Love Your Local
It’s not just retro, vintage clothing that is captivating consumers in droves. Interior décor is moving in that direction too. For some years now, vintage pieces are being incorporated into the interiors of many homes. It’s all about adding pieces to your home that are a bit unusual or distinctive in some way!
The best pieces might be something you “borrow” from family members, friends or discover at estate sales, second hand stores and so forth. Beautiful pieces are given a new life.
I spoke with a local interior decorator, Maria Uriegas-Leupelt [Sunlight Interiors], to get a sense of the influence this style direction has had on her business. She offered some great advice for the adventurous designer in all of us.
Q: Any advice for people looking to introduce vintage into their home décor?
A: Without overdoing it, vintage can bring a lot of charm and character into an otherwise traditional setting. It creates a warm, nostalgic look. Vintage pieces already make a bold statement on their own, so it’s better to minimize distractions with soft, neutral colors as a background. That way, the unique beauty of the vintage items can stand out.
Q: What’s the appeal of vintage?
A: To start with, decorating with vintage items is a way to reduce the cost of furnishing your home. It’s a lot less expensive than furnishing with brand new. New furniture may connect you to a specific trend with colours and patterns that could look dated in a few years. Trends come and go. Working with tried-and-true classics holds more value. In general, furniture made up to the 60s is of much better quality, too. Scandinavian furniture from the 70s is an example of a style that fits right in with more contemporary styles. Very modern with a very airy, open design. You don’t have to do anything to them. They fit in anywhere.
Q: Repurposing supports the environment, too?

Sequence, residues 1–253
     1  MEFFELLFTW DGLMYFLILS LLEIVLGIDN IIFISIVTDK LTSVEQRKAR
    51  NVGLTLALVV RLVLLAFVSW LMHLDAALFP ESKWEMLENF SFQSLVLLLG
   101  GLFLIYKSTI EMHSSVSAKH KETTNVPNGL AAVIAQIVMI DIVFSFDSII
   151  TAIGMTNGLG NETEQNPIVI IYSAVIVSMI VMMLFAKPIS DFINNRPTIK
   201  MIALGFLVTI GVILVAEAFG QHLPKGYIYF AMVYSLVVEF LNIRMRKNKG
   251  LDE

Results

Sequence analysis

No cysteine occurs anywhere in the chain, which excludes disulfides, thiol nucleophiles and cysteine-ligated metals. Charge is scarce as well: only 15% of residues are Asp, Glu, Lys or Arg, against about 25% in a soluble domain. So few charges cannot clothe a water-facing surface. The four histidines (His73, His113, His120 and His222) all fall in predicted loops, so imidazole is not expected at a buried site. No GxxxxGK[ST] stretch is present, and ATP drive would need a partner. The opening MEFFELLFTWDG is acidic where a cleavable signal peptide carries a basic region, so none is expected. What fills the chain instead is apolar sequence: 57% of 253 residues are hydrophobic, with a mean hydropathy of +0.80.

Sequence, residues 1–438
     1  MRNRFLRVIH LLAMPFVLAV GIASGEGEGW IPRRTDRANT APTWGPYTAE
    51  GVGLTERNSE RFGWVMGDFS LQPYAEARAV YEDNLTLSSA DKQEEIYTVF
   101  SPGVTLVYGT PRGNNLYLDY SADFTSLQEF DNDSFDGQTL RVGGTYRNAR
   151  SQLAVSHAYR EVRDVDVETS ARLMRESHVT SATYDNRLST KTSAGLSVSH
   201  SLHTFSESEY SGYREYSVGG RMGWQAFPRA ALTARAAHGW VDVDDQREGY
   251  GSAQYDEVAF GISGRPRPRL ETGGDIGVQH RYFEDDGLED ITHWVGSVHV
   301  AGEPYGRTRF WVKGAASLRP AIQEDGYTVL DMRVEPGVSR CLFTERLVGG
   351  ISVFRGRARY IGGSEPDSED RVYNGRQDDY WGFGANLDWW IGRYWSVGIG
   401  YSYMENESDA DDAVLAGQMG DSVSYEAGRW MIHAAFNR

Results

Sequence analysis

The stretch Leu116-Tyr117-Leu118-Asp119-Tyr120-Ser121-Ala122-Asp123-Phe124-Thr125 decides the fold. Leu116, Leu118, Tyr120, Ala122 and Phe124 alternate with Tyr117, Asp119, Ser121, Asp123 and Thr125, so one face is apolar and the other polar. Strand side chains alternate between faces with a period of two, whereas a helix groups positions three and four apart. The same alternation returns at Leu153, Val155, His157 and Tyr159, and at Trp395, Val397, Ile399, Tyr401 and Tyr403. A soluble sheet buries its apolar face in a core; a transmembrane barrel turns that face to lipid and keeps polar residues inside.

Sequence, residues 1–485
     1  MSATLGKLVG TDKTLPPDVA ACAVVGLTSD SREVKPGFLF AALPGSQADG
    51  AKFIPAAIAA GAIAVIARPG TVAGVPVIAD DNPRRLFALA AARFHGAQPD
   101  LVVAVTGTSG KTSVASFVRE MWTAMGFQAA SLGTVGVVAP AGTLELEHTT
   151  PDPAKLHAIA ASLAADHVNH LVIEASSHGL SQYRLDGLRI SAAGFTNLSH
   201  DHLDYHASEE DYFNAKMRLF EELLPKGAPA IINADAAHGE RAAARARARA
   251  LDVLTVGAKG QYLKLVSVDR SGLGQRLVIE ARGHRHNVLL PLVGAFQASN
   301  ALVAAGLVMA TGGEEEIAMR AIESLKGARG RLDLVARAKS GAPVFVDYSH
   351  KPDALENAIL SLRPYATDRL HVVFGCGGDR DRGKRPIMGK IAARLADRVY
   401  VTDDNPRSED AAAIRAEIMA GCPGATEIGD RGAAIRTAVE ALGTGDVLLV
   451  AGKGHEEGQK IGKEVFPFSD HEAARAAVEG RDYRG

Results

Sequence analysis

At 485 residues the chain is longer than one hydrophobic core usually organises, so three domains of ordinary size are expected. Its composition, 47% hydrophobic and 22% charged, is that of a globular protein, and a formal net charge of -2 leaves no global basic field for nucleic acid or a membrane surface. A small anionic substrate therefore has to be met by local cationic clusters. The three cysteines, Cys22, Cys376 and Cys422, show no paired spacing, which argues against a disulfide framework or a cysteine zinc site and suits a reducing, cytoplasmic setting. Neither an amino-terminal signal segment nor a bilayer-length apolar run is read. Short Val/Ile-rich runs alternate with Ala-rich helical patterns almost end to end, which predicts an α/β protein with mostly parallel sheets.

A: Yes, so many pieces can be saved from the dump! Upcycling different pieces allows you to salvage perfectly good quality pieces. Working with vintage can be a very satisfying and creative endeavour. It’s not just furniture that can be repurposed though. I’ve recycled gorgeous pieces of granite and marble, left over from a bigger cut, and used them as insets to upgrade a small table, dresser or side table. Nothing is wasted. Once, I had a large piece of black walnut planed to enlarge a dining table for a client. They needed a bigger table but didn’t want to replace their entire dining room suite. The expanded surface solved their problem—and added a touch of glamour at the same time!
Q: In the end, it’s all about what works for your client’s tastes and preferences.
A: For sure. When it come to style, vintage isn’t to everyone’s taste. A successful style is one that enables you to achieve a look and function that matches your personality and lifestyle. With couples, I often need to plan ways to blend differing styles and colour preferences so everyone appreciates and feels comfortable with the outcome. It’s a very collaborative process—sometimes with surprisingly inspired results! If my clients are downsizing, it’s equally important to blend what they treasure along with what will be useful in a reduced space. A dining room table, for example, may be important to some downsizers who’ve had a large family and still love entertaining. For others, less is more.
Maria is a great resource in the local market and joy to bounce ideas off of! She can be reached here through her GoWestShore directory listing